Inovus Solar is not the only company in Idaho involved in solar technology. Hoku Scientific and Micron Technology also have a growing interest, according to Paul Kjellander, administrator of the Idaho Office of Energy Resources. Hoku Scientific has a solar division, Hoku Solar, and Micron is exploring manufacturing photovoltaic panels.

"What we are seeing is an acceptance of the technology, and the cost of that technology going down. People recognize solar works. Now the question is economics," said Kjellander. He said one program, Solar 4R Schools, may pave the way to a more solar-powered future. As part of this program, 11 Idaho schools from Pocatello to Boise have had solar modules installed on the roofs of their buildings. With stimulus money potentially arriving soon, more schools may soon see modules, too.

"Every kilowatt hour of energy schools don't have to purchase is a dollar taxpayers don't have to pay," said Kjellander. While this gives students an opportunity to get acquainted firsthand with alternative energy, Kjellander also points out that when schools sit vacant during the summer, extra energy collected can be fed back into the grid. This will provide data on the efficiency of solar modules for potential future usage on government buildings, which may one day persuade state legislators to implement more widespread use of solar technology.

For Scott Gates, renewable energy specialist at Idaho Power, what will emerge as the dominant technology is still unclear. On top of the Idaho Power building in downtown Boise, 90 solar modules supply more than 100 kwh each day. In the desert near Grasmere, Idaho Power has an 80-kwh array constructed for the U.S. Air Force, providing "off the grid" power. Some developing solar technologies border on science fiction, such as paint that uses nanotechnology to collect solar. Others are simple innovations, like placing photovoltaic modules on a rotating base that adjusts to face the optimal position of the sun throughout the day.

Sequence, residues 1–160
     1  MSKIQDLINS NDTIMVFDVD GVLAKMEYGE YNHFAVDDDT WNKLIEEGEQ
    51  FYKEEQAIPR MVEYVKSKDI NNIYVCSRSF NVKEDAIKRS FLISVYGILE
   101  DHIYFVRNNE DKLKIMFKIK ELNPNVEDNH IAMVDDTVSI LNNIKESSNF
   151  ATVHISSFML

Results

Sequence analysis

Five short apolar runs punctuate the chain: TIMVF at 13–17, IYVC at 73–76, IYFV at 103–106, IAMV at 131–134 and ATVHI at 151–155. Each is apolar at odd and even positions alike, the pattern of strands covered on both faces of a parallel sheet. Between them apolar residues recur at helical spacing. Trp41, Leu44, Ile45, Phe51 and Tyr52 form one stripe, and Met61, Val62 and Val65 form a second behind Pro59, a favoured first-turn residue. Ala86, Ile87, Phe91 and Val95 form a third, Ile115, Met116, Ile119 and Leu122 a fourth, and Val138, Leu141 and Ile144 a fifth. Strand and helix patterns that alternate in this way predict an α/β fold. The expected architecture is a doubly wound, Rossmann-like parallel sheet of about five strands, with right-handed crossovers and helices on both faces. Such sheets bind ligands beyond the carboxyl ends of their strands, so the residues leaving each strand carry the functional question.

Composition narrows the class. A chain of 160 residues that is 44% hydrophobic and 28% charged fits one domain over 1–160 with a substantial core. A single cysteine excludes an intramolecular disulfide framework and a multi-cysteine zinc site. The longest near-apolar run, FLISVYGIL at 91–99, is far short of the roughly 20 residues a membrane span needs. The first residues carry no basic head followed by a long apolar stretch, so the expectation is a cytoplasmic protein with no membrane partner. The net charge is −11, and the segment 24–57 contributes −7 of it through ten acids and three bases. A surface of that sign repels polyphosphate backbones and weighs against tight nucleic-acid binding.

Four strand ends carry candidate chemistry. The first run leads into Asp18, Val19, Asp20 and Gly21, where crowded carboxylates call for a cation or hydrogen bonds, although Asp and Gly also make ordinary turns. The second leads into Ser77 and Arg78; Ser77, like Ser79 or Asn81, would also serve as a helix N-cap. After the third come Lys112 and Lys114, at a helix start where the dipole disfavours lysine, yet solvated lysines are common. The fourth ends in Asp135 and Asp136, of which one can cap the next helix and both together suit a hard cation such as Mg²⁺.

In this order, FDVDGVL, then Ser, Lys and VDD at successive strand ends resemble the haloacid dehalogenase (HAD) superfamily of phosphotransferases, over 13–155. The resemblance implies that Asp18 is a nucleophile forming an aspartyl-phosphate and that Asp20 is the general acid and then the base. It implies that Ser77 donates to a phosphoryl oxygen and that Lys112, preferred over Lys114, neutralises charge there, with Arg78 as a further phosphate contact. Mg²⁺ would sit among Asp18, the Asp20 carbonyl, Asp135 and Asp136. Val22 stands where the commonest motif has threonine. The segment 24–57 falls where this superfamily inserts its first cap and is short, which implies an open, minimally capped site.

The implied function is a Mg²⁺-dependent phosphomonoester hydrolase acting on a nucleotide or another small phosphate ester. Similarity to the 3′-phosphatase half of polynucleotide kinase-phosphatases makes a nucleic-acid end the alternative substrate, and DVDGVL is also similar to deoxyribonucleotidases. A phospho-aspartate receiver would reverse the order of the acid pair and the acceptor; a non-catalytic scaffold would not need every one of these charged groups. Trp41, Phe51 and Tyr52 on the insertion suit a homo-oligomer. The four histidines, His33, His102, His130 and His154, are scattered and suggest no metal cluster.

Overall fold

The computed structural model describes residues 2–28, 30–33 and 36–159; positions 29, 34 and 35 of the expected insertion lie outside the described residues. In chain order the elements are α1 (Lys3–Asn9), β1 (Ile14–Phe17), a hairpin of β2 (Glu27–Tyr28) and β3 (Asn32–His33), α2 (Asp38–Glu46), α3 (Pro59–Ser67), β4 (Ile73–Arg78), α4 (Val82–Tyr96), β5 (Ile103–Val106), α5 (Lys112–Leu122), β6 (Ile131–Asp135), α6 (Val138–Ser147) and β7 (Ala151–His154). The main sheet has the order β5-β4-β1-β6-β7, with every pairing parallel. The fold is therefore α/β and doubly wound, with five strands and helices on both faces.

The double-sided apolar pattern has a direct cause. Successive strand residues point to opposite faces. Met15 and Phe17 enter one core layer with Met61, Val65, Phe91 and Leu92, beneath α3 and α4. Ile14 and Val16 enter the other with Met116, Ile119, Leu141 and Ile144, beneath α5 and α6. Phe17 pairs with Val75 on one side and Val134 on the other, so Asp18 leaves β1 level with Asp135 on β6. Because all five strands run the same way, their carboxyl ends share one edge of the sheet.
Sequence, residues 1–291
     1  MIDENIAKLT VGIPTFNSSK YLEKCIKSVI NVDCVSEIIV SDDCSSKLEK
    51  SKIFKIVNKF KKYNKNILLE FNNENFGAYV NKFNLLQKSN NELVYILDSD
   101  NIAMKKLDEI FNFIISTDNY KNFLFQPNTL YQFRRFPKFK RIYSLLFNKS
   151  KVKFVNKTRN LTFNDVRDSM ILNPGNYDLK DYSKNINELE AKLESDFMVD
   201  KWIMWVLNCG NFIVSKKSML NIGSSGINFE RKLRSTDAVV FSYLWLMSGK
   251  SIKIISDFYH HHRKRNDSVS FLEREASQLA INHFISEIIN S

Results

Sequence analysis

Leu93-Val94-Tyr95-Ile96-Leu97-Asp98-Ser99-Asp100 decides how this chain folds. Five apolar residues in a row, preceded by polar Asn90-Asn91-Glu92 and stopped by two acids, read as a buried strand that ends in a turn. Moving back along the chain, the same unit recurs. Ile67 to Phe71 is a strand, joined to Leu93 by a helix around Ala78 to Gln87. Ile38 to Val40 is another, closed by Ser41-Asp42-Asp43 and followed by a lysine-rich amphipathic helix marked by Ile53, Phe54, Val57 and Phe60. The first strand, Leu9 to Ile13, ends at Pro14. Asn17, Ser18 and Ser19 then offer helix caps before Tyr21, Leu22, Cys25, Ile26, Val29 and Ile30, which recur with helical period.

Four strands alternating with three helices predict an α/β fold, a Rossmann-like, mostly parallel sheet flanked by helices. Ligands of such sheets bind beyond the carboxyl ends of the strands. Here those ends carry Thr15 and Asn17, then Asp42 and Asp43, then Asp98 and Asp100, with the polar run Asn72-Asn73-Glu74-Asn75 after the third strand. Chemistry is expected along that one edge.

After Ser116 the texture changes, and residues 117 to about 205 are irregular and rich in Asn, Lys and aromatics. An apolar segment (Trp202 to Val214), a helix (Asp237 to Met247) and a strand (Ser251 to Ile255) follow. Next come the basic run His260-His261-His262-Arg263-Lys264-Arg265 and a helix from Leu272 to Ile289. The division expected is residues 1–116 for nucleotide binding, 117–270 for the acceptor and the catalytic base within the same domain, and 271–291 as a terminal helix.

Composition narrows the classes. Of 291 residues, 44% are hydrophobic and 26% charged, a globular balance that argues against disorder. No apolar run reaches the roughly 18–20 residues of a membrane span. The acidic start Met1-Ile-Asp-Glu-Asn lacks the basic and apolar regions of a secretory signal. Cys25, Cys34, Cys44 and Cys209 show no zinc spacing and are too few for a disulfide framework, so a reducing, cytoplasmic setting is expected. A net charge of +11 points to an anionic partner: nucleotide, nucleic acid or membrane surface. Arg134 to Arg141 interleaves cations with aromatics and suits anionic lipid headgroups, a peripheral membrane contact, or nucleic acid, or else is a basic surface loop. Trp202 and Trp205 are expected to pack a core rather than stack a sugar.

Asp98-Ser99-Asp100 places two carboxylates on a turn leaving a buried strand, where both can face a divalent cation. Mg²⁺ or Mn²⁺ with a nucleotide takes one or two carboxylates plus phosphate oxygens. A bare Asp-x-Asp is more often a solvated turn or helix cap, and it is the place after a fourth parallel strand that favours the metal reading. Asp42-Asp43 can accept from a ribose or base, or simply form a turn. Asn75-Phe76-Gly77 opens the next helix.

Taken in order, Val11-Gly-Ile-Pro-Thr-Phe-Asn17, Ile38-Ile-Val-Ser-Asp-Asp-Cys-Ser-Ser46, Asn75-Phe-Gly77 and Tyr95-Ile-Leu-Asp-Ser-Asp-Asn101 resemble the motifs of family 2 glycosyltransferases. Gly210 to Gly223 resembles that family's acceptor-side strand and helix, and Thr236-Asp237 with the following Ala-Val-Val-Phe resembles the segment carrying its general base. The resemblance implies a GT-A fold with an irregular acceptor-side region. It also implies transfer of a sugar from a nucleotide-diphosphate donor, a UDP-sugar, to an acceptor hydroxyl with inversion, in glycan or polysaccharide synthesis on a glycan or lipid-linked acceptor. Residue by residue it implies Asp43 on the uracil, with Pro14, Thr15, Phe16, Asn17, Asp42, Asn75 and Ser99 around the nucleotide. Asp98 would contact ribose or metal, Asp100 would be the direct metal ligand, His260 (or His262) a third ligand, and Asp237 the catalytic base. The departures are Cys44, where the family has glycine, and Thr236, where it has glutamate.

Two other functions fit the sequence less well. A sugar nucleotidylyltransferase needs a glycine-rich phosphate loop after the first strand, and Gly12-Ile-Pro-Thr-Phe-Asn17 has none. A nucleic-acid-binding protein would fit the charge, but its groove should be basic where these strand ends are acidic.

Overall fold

Gates, who assists Idaho Power customers looking to go solar, said these improvements are heralding in a new wave of converts.

"Is there a silver bullet? After 15 years of working with solar, I don't think so, but there is a lot of silver buckshot. I don't see any one technology blowing the others out of the water but there are lots of little technologies. Solar is improving. Efficiency is up, costs are down," he said.

"Solar is gaining interest. I usually get 10 calls a day from people interested in solar. All sorts of people--nuclear physicists, lawyers, doctors, insurance salesmen, eye doctors, restaurant owners--are interested. Even with the bad economy and no federal mandates, I don't see much of a slowdown with solar," said Gates. According to Brueggemann, the demographic of solar users is changing, too.

"Prior to this year it was really more medium income and more environmentally aware people. They were doing it for other reasons than financial. This year we have the environmentally aware but also people interested because it makes financial sense," said Brueggemann.

For Brueggemann, anywhere there is a roof and not too much shade, the potential of going solar exists.

"It's not going to disappear like it did in Carter's time. Solar is too big, and it's needed too much. We're all going to have some form of renewable energy in the future. It's here to stay, and it's just going to get better and better," Brueggemann said.